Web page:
Jamaica has accused David Cameron of inaccurately claiming to have signed a deal to repatriate about 300 of its citizens serving prison sentences in the UK, just weeks after he announced the supposed agreement on a trip to the Caribbean island.
The prime minister hailed the “important” step during a visit to Kingston in September, saying the UK would provide £25m from the foreign aid budget for a new prison in return for being able to send Jamaican inmates back to their homeland from 2020.
However, the Jamaican government disputes the existence of such an agreement, amid controversy over the idea of repatriation and concern that it will have to fund about 60% of the prison construction and all its running costs.
The Jamaican government has suffered a backlash after Cameron’s visit, including a protest about prisoner transfers outside parliament and a walkout by opposition politicians.
Speaking in the Jamaican parliament, Peter Bunting, the security minister, said: “Unfortunately, communications from the UK government, which has been carried in British and local media, may have left an impression in the public mind that Jamaica has signed a prisoner transfer agreement. This is not the case.
“The fact is, we have agreed to commence a process which may or may not result in a prisoner transfer. We have brought these inaccuracies to the attention of the British high commission locally and trust that it will be corrected.” He said the only document to have been signed is a non-binding memorandum of understanding to explore the possibility of prisoner transfer.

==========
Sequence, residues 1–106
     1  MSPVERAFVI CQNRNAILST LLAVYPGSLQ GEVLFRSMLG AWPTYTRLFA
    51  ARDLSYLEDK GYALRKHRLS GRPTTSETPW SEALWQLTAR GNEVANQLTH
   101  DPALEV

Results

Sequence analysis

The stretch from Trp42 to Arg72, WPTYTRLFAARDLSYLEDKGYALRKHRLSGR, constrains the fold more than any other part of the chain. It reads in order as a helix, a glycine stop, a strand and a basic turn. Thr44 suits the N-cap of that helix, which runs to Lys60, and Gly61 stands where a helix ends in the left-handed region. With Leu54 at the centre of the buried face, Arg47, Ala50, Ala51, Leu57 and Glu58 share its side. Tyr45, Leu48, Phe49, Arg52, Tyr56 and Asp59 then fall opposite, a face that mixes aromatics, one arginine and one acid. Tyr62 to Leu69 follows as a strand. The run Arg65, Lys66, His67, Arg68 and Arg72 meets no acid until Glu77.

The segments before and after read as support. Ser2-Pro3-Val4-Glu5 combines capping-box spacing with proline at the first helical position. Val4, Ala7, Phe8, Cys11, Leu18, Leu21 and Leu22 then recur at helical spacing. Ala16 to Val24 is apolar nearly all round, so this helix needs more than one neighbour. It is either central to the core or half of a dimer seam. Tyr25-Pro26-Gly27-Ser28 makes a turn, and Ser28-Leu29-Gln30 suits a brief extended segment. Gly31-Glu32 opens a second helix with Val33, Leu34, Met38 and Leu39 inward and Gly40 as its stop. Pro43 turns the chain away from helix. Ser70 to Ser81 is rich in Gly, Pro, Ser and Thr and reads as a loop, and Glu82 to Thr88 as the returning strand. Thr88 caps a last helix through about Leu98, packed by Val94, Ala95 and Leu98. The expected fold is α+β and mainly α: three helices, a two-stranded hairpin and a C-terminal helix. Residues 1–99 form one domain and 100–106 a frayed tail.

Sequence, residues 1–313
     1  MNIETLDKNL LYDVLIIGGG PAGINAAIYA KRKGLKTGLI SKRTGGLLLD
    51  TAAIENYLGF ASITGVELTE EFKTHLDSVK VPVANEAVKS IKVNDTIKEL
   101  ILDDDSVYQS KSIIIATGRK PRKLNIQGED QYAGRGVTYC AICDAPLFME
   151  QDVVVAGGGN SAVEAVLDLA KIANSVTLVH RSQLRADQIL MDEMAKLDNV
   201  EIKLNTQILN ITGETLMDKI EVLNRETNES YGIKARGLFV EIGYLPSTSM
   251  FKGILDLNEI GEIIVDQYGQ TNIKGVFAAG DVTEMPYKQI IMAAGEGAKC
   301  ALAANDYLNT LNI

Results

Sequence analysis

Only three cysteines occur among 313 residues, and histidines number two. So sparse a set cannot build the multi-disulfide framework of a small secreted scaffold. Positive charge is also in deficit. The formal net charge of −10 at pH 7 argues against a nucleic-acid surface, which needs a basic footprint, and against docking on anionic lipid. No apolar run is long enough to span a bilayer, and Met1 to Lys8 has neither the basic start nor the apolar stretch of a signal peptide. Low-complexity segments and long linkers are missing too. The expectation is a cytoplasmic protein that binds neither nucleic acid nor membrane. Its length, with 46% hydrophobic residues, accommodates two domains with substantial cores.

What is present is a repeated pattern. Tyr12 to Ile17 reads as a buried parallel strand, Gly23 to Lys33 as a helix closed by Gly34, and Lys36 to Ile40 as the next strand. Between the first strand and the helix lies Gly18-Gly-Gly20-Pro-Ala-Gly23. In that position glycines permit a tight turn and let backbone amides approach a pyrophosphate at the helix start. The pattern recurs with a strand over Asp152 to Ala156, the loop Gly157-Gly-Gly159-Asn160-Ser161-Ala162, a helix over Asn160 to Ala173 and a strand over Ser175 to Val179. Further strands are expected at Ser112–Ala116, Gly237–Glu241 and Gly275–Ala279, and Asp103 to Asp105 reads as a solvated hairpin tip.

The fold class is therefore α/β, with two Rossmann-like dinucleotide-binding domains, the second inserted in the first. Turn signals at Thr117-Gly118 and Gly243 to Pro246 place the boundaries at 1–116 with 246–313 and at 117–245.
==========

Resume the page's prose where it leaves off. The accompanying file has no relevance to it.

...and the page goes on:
The plan would also need to be agreed by Jamaica’s parliament, which has previously declined to ratify a voluntary agreement announced by the former British prime minister Gordon Brown in 2007.
Bunting added: “There is no guarantee at this time that this administration will sign a prisoner transfer agreement with the UK. The government of Jamaica will only sign the prisoner transfer agreement after adequate public education and debate and the enactment of new legislation in the Jamaican parliament.”
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